19th August, 2018

 

NWC 2018 Exhibition at St Margarets Church 19 08 18

Artists at work

 

The din is deafening,

Hammers talking in rounds

As chalk white walls are clothed

With hues of flesh and floral feasts

Seascapes on landscape and

Portraits, who peep with eyes that follow

You round the stunted stone

We walk on bodies, their foot worn names alone

Remind us of their presence


Ancient cobwebs hang like broken chandeliers

Among the shipwrecked beams

Wounded with the modernity of electric light,

Which hesitantly flicker and hum; as if

Unsure of their own integrity.

The hollow nave; no longer filled with wealthy

Merchants looking for a place in heaven,

Still crave the fevered chants of prayer

And the clink of coin in the collection tin.


Now the footfall lingers, just long enough

Upon the grieving stone

To praise the images of modern gods

Signed, bubbled wrapped and taken home.

In convenient parcels for consumption

If I were to worship anything

It would be art

The stained-glass windows of our time

But on canvas and placed at eye level


Outside, flippant (bunting) flags flap and wave

At passers-by, unsure of entry fees

Most look away and walk onward,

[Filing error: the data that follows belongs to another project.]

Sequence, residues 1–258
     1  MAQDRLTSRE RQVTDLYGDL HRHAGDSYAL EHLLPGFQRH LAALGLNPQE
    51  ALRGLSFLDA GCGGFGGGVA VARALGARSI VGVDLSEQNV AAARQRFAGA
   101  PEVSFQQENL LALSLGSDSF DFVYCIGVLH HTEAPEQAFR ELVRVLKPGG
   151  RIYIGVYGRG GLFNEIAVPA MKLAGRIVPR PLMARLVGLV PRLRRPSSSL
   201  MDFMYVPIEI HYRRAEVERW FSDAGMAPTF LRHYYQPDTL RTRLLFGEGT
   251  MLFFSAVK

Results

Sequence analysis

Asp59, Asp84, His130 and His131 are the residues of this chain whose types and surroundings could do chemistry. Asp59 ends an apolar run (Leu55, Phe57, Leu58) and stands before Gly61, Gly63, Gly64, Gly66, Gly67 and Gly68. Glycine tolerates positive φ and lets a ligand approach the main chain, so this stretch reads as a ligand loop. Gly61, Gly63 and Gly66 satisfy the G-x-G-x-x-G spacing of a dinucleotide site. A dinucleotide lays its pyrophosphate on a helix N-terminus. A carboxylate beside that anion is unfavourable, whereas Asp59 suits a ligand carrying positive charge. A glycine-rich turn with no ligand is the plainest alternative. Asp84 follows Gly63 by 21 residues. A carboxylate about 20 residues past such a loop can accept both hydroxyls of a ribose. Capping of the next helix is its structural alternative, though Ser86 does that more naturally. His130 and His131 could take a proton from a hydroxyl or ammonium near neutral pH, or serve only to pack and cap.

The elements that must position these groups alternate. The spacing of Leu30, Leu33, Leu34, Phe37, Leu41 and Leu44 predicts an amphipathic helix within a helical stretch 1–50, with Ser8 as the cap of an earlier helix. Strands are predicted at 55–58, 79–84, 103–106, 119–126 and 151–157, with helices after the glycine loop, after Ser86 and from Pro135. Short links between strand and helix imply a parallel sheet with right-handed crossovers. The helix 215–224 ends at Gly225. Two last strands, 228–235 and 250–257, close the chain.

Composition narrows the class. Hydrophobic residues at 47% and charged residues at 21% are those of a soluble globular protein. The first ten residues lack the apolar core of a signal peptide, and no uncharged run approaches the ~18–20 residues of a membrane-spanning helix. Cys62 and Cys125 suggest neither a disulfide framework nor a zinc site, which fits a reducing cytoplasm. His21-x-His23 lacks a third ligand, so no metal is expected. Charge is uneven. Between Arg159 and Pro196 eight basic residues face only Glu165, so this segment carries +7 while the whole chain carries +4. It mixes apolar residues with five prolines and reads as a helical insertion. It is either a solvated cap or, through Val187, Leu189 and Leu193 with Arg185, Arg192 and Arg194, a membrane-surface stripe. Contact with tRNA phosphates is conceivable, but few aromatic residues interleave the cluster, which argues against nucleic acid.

Eager to reach their final destination.

But a few brave souls wander in

Looking for art or redemption

Perhaps, they will find both!


St Margaret Church 23 08 18

The high, timber beamed ceiling reminds me of a ship and our links with immigrants throughout history. Perhaps they built this church.

Days Like This

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A Rainy Day in August – 2018

I remember days like this, when my white socks only reached my ankles. Days where the seasons played hide and seek, daring the sun to cower behind uninvited clouds.

Boarding school days of sleety grey, where the light was swallowed up by lead lined windows and religiously grained wooden panels. And where empty corridors cried in the lonely shadows.

The threat of rain kept us indoors, roaming silent weekend classrooms. Friday’s chalk still fresh but forgotten, in the teacher’s rush for weekend respite.

I would curl up on a window seat and follow rain drops as they mingled and merged towards their final earthy home. My home, in the still silence of unopened books, felt like a lifetime away.

My home, where the steam of Bolognese sauce would wrap itself around me like a comfort blanket. Mum defrosting minced beef in a boiling pot and cooking fists full of spaghetti.

The chopping of the onions brought tears to my eyes, making the raindrops stop for a second as if startled by their own reflection.

Now,  I watch my breath warm the glass but in an instant, it has gone and, as the light fades outside, all I can see is a little girl staring back at me.

With so few rainy days this summer, when the rain did come, it brought a flood of memories.

I Fall

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I stand, alone

I turn, I twist, I stall

Feet, legs, arms

I lurch, I grab, I stab

The air, then